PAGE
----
Genesis 6: 5 The Lord saw that the wickedness of man was great in the earth, and that every intention of the thoughts of his heart was only evil continually.

What wickedness?  What evil?  Show me the revealed law, show me the written regulation.  Or, does man somehow just “know.”  If so, how?

6 And the Lord regretted that he had made man on the earth, and it grieved him to his heart. 7 So the Lord said, “I will blot out man whom I have created from the face of the land, man and animals and creeping things and birds of the heavens, for I am sorry that I have made them.”

Punishment on the entire human race (save Adam and his family, as we know)?  For what?  We are well before the Ten Commandments here.

11 Now the earth was corrupt in God’s sight, and the earth was filled with violence. 12 And God saw the earth, and behold, it was corrupt, for all flesh had corrupted their way on the earth.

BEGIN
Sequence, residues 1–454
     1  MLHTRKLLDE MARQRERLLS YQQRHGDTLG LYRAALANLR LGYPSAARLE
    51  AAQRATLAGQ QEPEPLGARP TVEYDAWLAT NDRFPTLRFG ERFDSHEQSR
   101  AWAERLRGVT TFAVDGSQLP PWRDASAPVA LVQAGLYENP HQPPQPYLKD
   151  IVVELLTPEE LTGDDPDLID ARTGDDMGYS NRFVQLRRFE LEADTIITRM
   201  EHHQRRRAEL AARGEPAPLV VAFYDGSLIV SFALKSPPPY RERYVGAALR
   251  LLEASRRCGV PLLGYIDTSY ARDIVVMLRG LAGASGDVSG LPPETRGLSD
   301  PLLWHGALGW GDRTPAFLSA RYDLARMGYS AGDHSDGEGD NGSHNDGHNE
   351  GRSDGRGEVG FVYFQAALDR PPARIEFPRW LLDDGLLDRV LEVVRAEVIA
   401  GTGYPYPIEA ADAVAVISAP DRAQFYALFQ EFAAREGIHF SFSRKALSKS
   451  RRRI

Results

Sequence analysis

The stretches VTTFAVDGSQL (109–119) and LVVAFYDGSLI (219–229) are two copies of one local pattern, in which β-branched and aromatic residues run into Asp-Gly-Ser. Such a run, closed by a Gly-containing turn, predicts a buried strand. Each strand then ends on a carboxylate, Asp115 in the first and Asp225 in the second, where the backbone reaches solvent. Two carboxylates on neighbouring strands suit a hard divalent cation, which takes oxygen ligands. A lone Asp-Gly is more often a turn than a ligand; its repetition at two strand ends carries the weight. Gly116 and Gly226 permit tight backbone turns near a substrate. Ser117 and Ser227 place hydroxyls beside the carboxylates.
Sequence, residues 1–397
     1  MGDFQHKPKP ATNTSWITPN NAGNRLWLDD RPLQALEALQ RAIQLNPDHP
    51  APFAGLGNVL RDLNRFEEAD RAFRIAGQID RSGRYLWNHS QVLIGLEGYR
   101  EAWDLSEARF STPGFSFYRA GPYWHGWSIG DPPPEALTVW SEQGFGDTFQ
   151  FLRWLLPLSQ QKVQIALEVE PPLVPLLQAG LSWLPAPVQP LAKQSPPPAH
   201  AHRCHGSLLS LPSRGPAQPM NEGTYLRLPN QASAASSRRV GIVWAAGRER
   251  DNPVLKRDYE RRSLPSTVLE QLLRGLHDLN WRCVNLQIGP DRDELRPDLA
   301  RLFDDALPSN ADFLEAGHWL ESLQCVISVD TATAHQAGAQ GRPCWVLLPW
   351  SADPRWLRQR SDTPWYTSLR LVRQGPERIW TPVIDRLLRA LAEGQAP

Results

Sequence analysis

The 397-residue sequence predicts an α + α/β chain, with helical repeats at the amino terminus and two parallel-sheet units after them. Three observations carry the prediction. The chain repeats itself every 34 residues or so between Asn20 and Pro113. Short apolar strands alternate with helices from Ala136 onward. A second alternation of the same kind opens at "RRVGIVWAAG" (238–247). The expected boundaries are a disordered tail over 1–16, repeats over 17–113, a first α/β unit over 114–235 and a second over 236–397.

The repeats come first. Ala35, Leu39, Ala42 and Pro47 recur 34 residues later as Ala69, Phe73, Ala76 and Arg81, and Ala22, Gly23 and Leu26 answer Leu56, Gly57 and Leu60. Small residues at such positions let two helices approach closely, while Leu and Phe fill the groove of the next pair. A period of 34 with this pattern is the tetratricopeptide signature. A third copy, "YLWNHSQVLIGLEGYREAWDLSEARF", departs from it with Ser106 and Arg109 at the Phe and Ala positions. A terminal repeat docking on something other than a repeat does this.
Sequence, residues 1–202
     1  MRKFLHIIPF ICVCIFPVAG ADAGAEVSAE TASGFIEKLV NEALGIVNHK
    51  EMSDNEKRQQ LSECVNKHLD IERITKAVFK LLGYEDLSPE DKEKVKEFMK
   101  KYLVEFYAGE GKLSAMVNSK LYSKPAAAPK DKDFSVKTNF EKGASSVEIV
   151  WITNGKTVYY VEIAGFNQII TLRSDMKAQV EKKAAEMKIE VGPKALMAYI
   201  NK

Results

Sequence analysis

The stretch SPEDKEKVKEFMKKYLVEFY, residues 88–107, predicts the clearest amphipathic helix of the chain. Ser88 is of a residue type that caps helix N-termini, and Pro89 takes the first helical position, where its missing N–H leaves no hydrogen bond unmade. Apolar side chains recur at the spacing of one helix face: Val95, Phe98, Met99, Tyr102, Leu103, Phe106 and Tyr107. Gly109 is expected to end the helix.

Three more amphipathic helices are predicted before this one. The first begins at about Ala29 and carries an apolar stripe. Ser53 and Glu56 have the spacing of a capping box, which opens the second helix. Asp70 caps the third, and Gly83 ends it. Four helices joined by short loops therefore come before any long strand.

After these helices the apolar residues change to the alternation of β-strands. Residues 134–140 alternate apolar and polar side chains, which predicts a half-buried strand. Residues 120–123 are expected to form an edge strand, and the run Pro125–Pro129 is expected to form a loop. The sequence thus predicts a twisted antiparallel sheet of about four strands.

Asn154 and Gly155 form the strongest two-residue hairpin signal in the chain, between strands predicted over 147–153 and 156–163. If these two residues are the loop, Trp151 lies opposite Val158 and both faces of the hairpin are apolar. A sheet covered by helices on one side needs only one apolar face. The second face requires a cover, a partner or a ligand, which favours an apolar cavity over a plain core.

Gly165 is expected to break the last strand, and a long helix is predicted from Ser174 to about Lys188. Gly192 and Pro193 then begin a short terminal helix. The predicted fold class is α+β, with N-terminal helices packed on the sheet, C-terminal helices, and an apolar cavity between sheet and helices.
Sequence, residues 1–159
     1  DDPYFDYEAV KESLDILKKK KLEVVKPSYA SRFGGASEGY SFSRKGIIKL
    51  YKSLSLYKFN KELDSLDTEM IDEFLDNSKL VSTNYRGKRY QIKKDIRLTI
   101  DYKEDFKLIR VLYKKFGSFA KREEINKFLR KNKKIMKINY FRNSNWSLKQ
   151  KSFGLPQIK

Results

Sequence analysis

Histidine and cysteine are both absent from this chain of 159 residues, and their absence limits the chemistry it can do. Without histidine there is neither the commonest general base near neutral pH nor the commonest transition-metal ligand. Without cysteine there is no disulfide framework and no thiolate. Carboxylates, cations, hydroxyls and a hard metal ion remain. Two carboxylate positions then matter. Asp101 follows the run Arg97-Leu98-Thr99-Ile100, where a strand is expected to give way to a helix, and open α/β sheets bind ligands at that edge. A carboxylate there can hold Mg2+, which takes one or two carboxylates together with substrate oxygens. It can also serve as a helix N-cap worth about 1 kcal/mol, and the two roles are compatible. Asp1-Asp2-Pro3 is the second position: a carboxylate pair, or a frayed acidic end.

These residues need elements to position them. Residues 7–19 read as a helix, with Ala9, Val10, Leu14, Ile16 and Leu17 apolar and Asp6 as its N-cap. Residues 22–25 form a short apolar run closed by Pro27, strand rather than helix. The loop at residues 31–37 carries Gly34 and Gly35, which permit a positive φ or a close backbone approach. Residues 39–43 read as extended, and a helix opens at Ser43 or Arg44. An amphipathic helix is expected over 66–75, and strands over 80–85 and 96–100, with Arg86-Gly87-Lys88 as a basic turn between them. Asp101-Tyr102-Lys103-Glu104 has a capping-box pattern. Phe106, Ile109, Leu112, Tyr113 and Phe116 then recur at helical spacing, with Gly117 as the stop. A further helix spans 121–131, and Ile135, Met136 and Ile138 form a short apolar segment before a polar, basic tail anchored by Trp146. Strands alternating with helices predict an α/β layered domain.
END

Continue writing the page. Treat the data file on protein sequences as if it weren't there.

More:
Did God ever say that violence was wrong?  Did He ever describe “corruption”?  We have no evidence of this.  Yet if the punishment was to be so severe, isn’t it appropriate that man was given a warning?  Was it the fruit?

Finally (and after the devastating punishment of the flood), we get the first “revealed” (and relevant) law, in chapter 9:

4 But you shall not eat flesh with its life, that is, its blood. 5 And for your lifeblood I will require a reckoning: from every beast I will require it and from man. From his fellow man I will require a reckoning for the life of man.

6 “Whoever sheds the blood of man, by man shall his blood be shed, for God made man in his own image.

Yet, before this, Cain was punished.  How was he to know?  Before this, all of humanity save Noah was punished.  On what basis were they judged?